The University Record, April 1, 1998

Peace Corps honors U for 'legacy of service'

By Jane R. Elgass

Peace Corps Executive Director Charles Baquet (left) presented Maureen Hartford with a plaque recognizing the U-M's contributions of volunteers to the Corps. Hartford is vice president for student affairs. Photo by Bob Kalmbach

The University was honored last week by the Peace Corps for its "legacy of service that remains a source of inspiration both here at home and in communities abroad, and the contributions made toward global peace." More than 1,800 graduates have served as Peace Corps volunteers.

Presentation of a plaque bearing that message was presented March 23 by Peace Corps Deputy Director Charles Baquet III to Maureen Hartford, vice president for student affairs, on the steps of the Michigan Union. A brass plaque marks the spot on the steps where then-presidential candidate John Kennedy first mentioned the concept of the Peace Corps during a campaign appearance in 1960.

"This is a particularly important occasion," Baquet noted, "for this spot is venerated in many ways by those who have lived the Peace Corps experience." Baquet, who was a volunteer in 1965-67 in the Somali Republic, described his experience as a "seminal one that changed my life for the good."

Following the presentation, Baquet addressed a group of aspiring and returned Peace Corps volunteers in the Kuenzel Room at the Union, encouraging the returned volunteers to recruit new ones. Many of the returned volunteers served in the 1960s, shortly after establishment of the Peace Corps in March 1961.

"It's payback time," Baquet told his audience. "We need your help. This is an unadorned pitch for your support of our Millennia Project," through which the Corps hopes to recruit and place 10,000 new volunteers by the year 2000. "We know we can do it but we need your help. The best recruiter is a returned volunteer," he noted.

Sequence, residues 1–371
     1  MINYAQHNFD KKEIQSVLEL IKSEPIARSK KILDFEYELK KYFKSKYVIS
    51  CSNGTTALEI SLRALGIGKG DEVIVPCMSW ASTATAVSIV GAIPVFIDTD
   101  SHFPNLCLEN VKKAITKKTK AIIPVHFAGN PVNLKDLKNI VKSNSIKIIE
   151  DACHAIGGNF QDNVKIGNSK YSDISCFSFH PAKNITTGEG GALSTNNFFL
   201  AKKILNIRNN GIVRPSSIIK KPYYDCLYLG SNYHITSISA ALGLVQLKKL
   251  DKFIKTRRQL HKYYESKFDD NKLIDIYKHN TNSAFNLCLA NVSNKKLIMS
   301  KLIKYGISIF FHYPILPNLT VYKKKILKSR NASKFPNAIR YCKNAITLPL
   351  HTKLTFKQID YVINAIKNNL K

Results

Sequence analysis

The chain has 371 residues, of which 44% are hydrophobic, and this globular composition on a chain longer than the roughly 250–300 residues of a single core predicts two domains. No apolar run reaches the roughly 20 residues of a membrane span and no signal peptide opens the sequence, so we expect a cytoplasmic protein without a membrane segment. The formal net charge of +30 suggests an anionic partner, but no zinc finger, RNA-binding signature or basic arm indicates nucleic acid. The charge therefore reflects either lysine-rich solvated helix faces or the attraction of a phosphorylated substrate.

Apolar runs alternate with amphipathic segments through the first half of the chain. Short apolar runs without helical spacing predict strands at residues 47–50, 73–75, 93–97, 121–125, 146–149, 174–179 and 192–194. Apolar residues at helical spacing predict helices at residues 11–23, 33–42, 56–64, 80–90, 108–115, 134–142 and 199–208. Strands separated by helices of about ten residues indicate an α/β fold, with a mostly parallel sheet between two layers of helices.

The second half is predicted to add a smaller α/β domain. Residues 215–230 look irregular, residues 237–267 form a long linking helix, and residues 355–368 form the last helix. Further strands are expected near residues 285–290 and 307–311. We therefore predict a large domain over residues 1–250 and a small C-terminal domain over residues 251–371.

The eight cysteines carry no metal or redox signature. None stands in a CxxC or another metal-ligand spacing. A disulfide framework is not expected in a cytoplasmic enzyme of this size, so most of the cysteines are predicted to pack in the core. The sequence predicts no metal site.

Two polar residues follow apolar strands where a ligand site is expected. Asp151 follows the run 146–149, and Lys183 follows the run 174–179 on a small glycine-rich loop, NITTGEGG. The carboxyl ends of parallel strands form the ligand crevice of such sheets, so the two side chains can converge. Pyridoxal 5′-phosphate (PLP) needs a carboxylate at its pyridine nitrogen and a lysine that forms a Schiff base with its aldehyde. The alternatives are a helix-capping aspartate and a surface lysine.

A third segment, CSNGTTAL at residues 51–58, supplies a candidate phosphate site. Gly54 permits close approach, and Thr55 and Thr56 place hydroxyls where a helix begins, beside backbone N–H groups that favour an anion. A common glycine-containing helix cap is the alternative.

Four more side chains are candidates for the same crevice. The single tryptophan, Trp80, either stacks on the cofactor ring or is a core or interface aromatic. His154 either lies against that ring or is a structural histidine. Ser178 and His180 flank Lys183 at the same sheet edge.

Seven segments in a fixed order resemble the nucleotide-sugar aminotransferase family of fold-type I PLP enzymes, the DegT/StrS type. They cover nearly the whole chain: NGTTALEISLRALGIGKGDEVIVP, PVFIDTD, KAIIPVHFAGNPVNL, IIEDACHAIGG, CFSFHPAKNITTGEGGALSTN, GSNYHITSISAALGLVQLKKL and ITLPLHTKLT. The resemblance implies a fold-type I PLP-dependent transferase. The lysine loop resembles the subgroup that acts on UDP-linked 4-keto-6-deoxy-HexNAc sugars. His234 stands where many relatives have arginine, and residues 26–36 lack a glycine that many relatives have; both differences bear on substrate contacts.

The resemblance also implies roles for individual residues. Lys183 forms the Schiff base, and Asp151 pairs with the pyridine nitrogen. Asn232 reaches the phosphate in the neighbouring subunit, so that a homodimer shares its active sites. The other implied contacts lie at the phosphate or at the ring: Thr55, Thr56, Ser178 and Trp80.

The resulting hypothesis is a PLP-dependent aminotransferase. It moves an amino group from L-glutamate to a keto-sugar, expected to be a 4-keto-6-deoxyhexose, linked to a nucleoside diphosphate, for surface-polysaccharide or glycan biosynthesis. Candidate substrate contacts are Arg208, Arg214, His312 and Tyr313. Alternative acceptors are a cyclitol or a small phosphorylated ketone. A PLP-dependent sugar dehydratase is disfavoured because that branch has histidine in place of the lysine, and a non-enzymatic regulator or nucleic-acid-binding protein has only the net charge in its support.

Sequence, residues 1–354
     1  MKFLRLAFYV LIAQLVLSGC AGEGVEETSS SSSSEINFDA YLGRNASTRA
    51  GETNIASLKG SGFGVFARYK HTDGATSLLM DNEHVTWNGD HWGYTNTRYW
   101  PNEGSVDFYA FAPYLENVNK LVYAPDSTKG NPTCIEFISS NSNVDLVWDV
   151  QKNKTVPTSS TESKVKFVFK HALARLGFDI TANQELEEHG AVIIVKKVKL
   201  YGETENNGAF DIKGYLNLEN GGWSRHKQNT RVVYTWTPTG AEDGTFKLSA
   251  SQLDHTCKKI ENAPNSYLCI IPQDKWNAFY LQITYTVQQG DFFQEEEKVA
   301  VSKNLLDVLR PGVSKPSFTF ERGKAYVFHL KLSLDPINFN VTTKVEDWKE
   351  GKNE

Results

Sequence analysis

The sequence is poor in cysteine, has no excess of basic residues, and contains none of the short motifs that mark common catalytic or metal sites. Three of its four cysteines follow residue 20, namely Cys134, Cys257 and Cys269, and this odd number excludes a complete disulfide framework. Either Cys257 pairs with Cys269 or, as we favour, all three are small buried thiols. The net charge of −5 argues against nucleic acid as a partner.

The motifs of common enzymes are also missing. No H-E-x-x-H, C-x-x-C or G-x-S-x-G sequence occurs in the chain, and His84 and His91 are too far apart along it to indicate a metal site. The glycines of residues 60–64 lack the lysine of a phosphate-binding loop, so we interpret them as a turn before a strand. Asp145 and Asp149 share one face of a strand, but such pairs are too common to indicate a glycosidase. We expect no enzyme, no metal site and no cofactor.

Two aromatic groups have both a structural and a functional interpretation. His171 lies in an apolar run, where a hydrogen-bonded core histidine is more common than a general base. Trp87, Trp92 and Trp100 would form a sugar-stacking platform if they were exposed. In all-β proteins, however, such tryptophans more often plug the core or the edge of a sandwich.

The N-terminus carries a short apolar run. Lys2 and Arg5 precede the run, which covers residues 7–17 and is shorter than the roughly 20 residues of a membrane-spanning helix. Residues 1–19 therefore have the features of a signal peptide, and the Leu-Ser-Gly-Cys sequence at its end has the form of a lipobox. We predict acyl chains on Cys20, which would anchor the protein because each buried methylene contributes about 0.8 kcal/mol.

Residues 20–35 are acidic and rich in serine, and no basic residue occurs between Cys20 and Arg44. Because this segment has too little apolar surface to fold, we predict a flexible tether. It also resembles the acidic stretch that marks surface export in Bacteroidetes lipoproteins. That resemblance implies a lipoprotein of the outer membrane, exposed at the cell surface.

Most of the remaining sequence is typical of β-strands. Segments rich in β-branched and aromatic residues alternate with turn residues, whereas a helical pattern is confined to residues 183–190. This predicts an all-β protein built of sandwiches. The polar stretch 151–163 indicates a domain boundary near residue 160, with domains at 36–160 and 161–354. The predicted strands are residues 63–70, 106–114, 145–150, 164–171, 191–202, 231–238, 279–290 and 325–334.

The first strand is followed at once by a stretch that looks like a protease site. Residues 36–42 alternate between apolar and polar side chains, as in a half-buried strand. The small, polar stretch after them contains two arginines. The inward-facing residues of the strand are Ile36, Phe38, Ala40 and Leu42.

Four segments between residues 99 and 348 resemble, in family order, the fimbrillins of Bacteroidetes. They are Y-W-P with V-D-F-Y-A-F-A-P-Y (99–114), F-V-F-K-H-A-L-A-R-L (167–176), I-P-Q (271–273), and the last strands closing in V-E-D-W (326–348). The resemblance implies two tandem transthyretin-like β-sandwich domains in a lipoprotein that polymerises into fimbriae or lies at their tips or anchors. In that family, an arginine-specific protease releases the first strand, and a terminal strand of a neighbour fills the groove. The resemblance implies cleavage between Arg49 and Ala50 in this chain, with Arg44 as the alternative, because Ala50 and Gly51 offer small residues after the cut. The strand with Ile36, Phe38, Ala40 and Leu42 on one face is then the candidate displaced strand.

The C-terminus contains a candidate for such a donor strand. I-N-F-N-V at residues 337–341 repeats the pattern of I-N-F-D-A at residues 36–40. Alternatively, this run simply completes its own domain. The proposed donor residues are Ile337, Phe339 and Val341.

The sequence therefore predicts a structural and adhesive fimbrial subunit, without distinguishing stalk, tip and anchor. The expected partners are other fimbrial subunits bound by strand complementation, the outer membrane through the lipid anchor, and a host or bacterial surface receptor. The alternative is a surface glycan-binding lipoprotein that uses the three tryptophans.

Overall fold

"There is some concern for people" among students today, Baquet said. "There is a restlessness, a curiosity; they want to do something. The Peace Corps is there to help people focus. It's an opportunity to make a contribution to humanity. We did."

Baquet gave the audience a "tour around the Peace Corps world," noting that every attempt is made to make appropriate assignments, to assign volunteers to situations in which they will feel comfortable. Assignments are almost "tailor-made," he said.

He also explained that security is always a primary concern, and that the Corps has pulled out of countries that have unstable situations. "Health and safety are uppermost in our minds. The world is a tougher place today. Safety is one of the main determinants for why we are in or out of a certain place."

An Amazon Basin Initiative is one of the projects Baquet hopes will result from the Millennia Project, with volunteers placed in each country touched by the Amazon. Activities would focus on reducing the exploitation of resources, finding land for peasants, preservation of the rain forests and protection of indigenous peoples.

He also foresees some innovative programs. There is a need, for instance, for lawyers, particularly in some African countries. Many more people than should be are in detention in Ethiopia because it lacks a good criminal justice system. Peace Corps volunteers who are lawyers could help the country establish a system.

"We want to stay relevant and meaningful, and fulfill what JFK promised at 2 a.m. Oct. 14, 1960," Baquet said.